CLARK, NJ – The Clark Reservoir will be dredged according to a statement released on Friday afternoon by the Union County Freeholders. State officials have committed $250K in funds toward the project.
New Jersey’s financial support comes at the same time the county is conducting a study of the area. The study is to be finished by the end of the year and is intended to give guidance to UC officials in terms of ways to improve, redevelop and manage the area according to earlier statements by the county.
“We are looking forward to making improvements at the reservoir that will enhance its use by the public, and we welcome the funding, which is perfectly timed,” said Freeholder Chairman Alexander Mirabella.
Mayor Bonaccorso was excited about the announcement and said he looks forward to working with the county to make this project successful. “We are grateful for their (UC Freeholders) efforts on this project and their commitment to move ahead with this,” he said. “We have talked about this for several years, and I am glad they could make it happen.”
He continued, “When we sold the reservoir to the county in 2008, it was because we knew that Union County was like the big brother that could handle a project of this magnitude better than we could as a small town. “
John Victor Jacobson, a current candidate for Clark Councilman-at-Large and an advocate for the Clark Reservoir reacted to the news. “It is a step in the right direction,” he said. “They have a long way to go.”
Bonaccorso also indicated this was the start of something larger too. He advised residents not to expect an overnight change in the area. “This is not a one-year project, it is on the county’s radar, they are moving forward, but it will take time,” he said. “The money from the state is great seed money toward this huge project.”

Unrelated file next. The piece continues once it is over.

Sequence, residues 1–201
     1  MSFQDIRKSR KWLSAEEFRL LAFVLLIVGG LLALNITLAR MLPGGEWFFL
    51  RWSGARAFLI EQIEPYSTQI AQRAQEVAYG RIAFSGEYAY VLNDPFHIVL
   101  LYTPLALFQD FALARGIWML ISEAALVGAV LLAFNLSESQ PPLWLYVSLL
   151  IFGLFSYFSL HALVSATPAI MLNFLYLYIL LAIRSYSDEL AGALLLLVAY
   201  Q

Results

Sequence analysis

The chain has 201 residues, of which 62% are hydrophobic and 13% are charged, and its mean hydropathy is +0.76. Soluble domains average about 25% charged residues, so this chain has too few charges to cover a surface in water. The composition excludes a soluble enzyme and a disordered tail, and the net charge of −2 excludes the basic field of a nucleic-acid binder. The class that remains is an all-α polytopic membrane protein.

Over the last sevearl years, Jacobson has made and circulated videos, appeared in front of the Clark Town Council, reached out to Union County Freeholders and NJ officials to appeal to them for action on the Clark Reservoir which he calls a “festering cesspool.”
Jacobson said he would love to part of the conversation about how the money gets spent and what the plan should be. “I’d like to work with the officials and professionals and share what I’ve learned in my studies over these years,” he said. “There is so much technology that can be inexpensively deployed to clean the debris and toxins out of the reservoir and to catch more of it before it enters the waters.”
County officials have referred to the Clark Reservoir as a recreational jewel. Bonaccorso sees it too and sought to reassure residents about what that might look like. “There have been ideas for passive recreational that were sketched out in the past, we can refer to them when the time comes, but be assured we are not looking to put things in residents’ backyards,” said Bonaccorso.
The Clark Reservoir was constructed in the first decade of the 20th century. The township took possession of it in the 1990s and eventually sold it to Union County in 2008. According to county officials they have “assembled a continuous greenway that links the Clark Reservoir with other parks and public lands nearby” since that time.
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